Master Programme in Business and Management - specialisation Marketing.
Ideas about markets and marketing have a long and exciting tradition. This course has two primary ambitions: (1) to develop the depth and scope of the students’ knowledge on marketing theory and (2) to allow the students to reflect on this knowledge in practice. After completing this course, the students will:
have gained a broader and more enhanced knowledge of marketing as a discipline (subject)
have developed a deeper understanding of variations in perspectives associated with different marketing theories
have demonstrated insights into the fundamental premises behind various theories
have developed an ability to overview the historical development of marketing theory
have reflected upon and applied their acquired theoretical knowledge in practice
be able to distinguish and argue for differences in marketing theories in terms of fundamental premises
be able to compare and classify different marketing theories in a historical and developmental perspective
be able to evaluate different marketing theories’ relevance in practice.
The course aims at allowing its students to form an overview of marketing theories and how they have evolved over time. Central to this overview is how some fundamental premises have affected the development of marketing ideas. The course follows a general framework with four themes (i.e., economic or behavioural marketing theories, in combination with non-interactive or interactive theories) that can be used to understand, discuss and develop knowledge on varying theoretical approaches within the topic of marketing. The course draws heavily on studying different marketing theories to be able to analyse how the subject has co-evolved with society and has also to made it possible to understand the status of the topic of marketing today.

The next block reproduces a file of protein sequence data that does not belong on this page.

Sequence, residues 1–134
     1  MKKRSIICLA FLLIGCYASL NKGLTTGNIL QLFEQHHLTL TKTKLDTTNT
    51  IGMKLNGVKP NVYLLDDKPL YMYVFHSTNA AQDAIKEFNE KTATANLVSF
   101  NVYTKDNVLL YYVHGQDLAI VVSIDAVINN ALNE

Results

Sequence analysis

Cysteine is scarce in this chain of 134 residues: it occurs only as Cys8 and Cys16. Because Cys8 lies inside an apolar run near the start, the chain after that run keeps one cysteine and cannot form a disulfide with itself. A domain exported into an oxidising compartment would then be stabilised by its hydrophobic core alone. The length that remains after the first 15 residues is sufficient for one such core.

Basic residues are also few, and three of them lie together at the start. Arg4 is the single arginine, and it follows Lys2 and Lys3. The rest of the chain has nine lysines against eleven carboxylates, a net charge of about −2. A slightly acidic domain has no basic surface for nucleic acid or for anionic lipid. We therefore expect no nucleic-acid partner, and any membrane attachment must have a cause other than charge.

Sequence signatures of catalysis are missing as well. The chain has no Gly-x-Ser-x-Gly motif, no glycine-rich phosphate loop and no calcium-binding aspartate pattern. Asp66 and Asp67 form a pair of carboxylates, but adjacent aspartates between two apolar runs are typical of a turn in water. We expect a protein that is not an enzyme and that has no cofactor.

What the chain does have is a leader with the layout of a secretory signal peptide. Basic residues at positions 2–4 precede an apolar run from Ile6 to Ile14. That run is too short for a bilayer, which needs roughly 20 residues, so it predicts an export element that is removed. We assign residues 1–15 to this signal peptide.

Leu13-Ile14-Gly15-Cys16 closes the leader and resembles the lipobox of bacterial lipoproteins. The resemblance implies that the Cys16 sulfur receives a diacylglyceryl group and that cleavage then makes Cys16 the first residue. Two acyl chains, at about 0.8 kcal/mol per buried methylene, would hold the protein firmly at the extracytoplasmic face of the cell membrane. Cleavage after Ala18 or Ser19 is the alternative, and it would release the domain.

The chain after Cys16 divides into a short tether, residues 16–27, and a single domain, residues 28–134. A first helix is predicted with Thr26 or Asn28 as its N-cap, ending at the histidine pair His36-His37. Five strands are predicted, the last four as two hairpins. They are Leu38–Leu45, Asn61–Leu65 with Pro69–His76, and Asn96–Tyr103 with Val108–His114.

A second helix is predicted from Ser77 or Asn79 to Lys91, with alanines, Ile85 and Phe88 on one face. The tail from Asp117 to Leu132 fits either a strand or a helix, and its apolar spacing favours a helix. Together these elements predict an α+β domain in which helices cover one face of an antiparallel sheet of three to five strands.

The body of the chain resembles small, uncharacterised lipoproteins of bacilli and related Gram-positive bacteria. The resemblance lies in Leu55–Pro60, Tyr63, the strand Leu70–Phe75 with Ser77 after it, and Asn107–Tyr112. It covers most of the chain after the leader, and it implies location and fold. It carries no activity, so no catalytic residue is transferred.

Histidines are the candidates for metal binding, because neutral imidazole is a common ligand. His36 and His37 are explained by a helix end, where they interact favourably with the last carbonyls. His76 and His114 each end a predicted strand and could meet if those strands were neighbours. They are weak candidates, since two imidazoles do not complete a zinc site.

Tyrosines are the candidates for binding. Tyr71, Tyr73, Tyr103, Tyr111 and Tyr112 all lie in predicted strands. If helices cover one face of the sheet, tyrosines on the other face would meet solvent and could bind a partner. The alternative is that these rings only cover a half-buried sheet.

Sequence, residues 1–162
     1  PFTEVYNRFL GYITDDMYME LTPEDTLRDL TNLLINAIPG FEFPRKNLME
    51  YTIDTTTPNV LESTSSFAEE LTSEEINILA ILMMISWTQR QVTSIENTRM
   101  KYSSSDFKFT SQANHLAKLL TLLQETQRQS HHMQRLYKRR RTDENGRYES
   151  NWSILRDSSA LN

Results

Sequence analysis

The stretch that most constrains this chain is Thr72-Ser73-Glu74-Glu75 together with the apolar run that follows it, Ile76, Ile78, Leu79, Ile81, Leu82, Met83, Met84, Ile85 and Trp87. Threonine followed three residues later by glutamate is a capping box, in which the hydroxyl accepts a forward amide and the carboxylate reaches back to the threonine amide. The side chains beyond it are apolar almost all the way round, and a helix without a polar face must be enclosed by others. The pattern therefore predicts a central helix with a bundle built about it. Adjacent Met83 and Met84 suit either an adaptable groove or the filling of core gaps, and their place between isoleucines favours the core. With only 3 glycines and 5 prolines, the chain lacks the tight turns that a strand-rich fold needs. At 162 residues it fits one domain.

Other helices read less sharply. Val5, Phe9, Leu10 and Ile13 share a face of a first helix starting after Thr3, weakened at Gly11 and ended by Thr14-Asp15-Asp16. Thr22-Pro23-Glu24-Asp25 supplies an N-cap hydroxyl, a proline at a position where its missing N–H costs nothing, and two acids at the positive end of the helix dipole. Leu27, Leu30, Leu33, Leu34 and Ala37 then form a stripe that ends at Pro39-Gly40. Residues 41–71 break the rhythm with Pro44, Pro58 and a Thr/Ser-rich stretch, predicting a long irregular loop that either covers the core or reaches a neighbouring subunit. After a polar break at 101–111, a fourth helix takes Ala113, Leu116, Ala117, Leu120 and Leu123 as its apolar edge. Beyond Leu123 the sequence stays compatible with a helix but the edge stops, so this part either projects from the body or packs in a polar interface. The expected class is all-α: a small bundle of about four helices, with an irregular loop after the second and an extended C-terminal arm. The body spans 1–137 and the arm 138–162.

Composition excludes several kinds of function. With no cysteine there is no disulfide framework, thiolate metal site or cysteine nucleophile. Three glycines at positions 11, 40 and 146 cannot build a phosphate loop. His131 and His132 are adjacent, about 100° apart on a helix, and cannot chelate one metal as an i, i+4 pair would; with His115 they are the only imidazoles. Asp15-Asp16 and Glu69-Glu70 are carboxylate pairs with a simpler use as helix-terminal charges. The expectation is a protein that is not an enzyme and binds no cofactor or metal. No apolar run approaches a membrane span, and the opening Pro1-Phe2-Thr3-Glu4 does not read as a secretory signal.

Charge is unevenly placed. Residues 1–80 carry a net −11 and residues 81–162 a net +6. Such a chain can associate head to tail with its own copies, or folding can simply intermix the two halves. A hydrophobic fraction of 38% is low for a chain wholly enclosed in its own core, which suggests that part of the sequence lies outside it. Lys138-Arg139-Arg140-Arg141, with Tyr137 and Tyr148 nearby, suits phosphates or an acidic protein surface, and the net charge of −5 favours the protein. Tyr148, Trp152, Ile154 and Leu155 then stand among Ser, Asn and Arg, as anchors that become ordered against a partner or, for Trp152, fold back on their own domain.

The course relies on an extensive selection of works to depict the development of marketing theories over time. This means that the requirement of the students’ ability to digest substantive amounts of scientific texts is particularly high in this course. To support the learning process, the course uses a combination of lectures, seminars and online discussions as well as cases. A requirement, apart from assimilating the course literature, is that the students bring experiences from earlier courses or practice into the discussions. The course is taught in English.
The student will get one single grade, equivalent to 7,5 credits.
The examination of this course includes active participation in class as well as written and oral assignments. Examination includes both individual and team work elements. The grade for the entire course is based on an assessment of all parts of the examination.
Grading criteria are presented in the study guide provided at the beginning of the course. The following grades will be used: pass with distinction (VG), pass (G), and fail (U). Examinations handed in late will not be assessed except under special circumstances. Any remaining supplemental work must be completed and handed in by the deadline specified in the study guide. Otherwise the entire course (all examinations included) must be retaken during subsequent course sections, pending availability of a place in the course.
Uppsala University does not accept cheating or plagiarism. Suspected incidents of cheating or plagiarism are reported to the Disciplinary Committee of the University, which may issue a formal warning to the student or suspend the student from studies for a designated period.
NOTE: Only completed courses can count toward a degree.